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Saturday, 8 February, 2003, 12:56 GMT
Analysis: New stage in Colombian civil war?
Victims are helped from the bombed club
Guerrillas may now be taking aim at the country's elite
The BBC's Stephen Cviic

The bombing of an exclusive club in the Colombian capital could mark a new departure in the country's long civil war.

At least 20 people were killed and about 150 were injured in the car-bomb attack on a club used by politicians and diplomats.

Left-wing rebel groups are trying to bring their campaign from the countryside into the cities

It is not yet known who carried out the attack, although the authorities suspect rebels of the Revolutionary Armed Forces of Colombia (FARC).

President Alvaro Uribe said the bombing showed that the whole world needed to be tougher on people he described as terrorists.

Colombia's cities may be violent places, but most urban killings have until now had little to do with the four-decade-long civil war.

The last big bombing campaign in the early 1990s was carried out by the Medellin drug cartel.

Now, though, it is left-wing rebel groups who are trying to bring their campaign from the countryside into the cities.

And if this attack was the work of the FARC, it was an attempt to show Colombia's elite that they are targets.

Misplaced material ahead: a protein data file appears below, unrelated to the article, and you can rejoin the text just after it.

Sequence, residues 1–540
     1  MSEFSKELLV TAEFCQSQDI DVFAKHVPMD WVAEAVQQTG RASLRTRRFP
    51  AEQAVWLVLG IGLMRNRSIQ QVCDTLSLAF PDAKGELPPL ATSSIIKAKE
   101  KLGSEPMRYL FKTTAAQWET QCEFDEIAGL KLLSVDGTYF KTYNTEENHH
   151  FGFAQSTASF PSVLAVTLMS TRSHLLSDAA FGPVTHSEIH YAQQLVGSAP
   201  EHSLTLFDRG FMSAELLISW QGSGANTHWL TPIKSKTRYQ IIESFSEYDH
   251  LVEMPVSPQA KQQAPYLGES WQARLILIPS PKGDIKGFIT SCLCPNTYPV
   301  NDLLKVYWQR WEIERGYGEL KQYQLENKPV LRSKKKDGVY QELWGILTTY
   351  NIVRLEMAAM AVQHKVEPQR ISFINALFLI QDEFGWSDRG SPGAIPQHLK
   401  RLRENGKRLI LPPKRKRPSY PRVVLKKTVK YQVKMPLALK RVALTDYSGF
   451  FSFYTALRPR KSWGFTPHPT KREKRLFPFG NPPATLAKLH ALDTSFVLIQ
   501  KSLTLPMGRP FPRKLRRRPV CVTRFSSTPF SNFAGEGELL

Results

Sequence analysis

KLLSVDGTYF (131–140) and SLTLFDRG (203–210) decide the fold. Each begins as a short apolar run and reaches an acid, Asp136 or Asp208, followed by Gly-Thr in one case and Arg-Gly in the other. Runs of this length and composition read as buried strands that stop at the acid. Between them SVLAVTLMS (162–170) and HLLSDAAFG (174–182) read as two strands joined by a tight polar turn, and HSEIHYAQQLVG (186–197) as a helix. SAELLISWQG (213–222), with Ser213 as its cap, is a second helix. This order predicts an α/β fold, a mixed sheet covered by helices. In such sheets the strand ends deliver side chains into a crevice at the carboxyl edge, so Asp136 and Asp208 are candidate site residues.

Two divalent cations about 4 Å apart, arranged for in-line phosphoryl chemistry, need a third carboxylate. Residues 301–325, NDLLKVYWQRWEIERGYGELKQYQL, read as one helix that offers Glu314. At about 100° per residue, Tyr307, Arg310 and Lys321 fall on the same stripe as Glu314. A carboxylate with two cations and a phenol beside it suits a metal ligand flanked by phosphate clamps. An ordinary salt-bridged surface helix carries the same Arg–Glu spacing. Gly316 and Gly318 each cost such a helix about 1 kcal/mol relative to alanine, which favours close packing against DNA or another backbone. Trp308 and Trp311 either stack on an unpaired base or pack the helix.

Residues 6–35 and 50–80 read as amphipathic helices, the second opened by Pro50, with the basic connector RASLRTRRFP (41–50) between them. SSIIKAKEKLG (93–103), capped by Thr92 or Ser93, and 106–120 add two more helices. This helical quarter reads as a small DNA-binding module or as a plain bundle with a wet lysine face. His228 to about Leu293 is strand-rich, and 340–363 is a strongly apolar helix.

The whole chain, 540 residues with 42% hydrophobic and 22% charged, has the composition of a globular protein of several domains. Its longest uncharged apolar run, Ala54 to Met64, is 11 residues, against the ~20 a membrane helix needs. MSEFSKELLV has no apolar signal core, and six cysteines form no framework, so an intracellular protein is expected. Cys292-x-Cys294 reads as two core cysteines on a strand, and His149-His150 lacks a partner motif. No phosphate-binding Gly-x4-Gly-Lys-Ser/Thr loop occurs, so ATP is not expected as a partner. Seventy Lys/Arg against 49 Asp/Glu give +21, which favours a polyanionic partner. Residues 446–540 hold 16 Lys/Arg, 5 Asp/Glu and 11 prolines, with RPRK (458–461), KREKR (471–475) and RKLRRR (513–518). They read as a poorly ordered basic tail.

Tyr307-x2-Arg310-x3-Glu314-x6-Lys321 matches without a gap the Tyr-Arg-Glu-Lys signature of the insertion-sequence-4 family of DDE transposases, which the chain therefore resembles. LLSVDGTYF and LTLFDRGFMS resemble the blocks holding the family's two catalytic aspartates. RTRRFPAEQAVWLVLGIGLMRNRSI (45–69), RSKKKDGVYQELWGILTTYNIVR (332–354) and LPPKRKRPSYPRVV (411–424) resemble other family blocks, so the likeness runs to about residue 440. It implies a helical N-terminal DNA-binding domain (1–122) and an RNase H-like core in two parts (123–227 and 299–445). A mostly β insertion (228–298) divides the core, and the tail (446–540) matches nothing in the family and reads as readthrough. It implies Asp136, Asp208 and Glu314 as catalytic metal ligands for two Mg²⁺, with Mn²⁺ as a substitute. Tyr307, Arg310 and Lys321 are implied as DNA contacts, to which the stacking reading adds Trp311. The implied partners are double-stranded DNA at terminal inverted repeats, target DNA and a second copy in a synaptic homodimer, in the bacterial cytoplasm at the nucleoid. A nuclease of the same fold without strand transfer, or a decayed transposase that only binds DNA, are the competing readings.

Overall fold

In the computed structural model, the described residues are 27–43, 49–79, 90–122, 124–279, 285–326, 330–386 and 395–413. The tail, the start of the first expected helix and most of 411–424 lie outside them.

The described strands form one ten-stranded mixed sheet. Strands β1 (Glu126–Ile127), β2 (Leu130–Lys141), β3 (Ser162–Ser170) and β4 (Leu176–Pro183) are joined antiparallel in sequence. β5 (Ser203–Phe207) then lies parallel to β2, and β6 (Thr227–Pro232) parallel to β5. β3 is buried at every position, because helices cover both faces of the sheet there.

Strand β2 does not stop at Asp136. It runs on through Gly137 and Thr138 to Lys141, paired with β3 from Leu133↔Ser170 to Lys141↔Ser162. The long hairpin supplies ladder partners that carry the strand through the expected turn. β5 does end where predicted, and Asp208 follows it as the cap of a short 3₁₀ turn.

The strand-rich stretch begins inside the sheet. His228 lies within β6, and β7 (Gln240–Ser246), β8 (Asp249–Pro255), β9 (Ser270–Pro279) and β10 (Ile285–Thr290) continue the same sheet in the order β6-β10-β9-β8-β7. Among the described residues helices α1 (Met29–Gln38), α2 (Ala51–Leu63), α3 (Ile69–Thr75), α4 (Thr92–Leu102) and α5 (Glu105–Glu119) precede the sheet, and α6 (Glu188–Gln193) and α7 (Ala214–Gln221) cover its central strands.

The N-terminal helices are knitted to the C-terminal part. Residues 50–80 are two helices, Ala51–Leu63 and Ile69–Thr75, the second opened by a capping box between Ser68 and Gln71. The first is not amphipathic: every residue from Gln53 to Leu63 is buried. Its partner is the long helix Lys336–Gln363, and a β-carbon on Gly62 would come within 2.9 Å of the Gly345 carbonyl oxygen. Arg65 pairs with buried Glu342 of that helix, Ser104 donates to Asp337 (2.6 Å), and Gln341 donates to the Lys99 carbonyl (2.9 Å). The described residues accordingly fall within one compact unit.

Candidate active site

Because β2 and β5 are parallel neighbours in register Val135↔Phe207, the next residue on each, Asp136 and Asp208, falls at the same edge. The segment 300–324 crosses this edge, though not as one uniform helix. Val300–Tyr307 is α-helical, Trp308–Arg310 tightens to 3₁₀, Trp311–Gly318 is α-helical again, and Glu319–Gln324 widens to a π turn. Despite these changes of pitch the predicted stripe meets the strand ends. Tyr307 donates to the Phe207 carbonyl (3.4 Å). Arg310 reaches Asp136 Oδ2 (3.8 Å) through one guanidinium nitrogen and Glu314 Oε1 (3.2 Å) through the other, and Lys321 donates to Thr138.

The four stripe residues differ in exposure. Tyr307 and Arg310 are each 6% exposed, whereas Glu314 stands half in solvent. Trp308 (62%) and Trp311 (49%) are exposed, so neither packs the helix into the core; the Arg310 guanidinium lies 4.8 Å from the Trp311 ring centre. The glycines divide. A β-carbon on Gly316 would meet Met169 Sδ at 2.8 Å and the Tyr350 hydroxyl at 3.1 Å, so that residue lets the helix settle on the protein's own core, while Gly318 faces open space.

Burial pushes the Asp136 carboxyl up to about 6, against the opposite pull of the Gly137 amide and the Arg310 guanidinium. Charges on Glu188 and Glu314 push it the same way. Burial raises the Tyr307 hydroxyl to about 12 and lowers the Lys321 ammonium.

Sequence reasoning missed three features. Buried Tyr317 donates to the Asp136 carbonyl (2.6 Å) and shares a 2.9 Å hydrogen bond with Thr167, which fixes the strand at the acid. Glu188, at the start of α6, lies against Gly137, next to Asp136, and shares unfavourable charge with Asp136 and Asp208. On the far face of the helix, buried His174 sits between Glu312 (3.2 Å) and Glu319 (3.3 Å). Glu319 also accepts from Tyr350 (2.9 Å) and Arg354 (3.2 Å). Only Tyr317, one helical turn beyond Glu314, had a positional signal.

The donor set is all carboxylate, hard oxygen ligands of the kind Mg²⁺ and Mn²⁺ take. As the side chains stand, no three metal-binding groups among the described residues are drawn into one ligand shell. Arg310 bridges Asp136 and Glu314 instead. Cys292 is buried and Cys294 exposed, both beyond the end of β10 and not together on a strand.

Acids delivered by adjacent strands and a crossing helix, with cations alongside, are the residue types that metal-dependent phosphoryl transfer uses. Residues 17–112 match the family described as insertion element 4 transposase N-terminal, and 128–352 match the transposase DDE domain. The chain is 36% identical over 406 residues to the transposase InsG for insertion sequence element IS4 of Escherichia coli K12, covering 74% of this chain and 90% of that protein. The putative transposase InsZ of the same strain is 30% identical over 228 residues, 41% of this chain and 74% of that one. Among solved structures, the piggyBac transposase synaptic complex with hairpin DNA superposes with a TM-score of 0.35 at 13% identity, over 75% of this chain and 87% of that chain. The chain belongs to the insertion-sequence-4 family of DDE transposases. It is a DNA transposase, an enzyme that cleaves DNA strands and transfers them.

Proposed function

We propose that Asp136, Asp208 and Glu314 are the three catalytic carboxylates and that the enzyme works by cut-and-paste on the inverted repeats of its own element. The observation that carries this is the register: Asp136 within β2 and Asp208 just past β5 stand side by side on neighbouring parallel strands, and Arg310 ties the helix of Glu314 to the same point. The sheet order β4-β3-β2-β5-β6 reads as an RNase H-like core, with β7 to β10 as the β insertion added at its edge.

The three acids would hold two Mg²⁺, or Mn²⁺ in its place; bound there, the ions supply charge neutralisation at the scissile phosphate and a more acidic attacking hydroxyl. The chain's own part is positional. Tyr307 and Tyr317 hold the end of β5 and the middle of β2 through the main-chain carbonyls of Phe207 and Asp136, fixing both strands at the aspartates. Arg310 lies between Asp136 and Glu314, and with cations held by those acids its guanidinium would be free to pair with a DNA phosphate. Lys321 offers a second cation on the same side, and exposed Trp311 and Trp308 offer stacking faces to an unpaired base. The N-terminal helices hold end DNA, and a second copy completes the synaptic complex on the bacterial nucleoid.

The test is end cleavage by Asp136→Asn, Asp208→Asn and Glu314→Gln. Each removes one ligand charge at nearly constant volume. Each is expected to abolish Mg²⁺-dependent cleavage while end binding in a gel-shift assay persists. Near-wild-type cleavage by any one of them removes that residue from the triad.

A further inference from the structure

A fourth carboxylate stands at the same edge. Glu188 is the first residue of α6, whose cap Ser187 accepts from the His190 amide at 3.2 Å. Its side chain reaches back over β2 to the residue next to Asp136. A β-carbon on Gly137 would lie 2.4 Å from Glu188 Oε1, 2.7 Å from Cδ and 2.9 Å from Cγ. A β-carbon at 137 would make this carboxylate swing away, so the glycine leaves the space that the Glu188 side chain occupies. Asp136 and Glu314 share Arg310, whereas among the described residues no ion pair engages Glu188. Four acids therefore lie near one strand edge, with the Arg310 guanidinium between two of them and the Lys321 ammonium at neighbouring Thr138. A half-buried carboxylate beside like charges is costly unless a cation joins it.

President's priorities

Last year, Colombians elected Mr Uribe to be president. He is a right-winger whose fierce anti-terrorist rhetoric chimed well with the feelings of most ordinary people and with the direction of policy in the United States.

President Uribe wants to show the rest of the world that Colombia is not a failed state riddled with conflict, but a fully-fledged democracy under attack from insurgents

Mr Uribe says he wants peace - eventually.

But in order to get there he has vowed to crush the FARC and the other smaller left-wing guerrilla group, the ELN.

Washington is giving more financial and military support, and significantly this help is no longer confined to trying to eradicate the production of illegal drugs.

US special forces are training the Colombian army in counter-insurgency.

President Uribe wants to show the rest of the world that Colombia is not a failed state riddled with conflict, but a fully-fledged democracy under attack from insurgents.

After Friday's bombing in Bogota, he said some foreign countries had been too soft on Colombia's armed groups, and that his country needed technical and financial resources to help defeat them.

It is too early to say how the president is doing.

The numbers of people killed in political violence fell last year, and it was thought that the FARC had been forced on to the back foot by army offensives.

But the latest attack shows they may be launching a campaign against high-profile urban targets.


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08 Feb 03 | Americas
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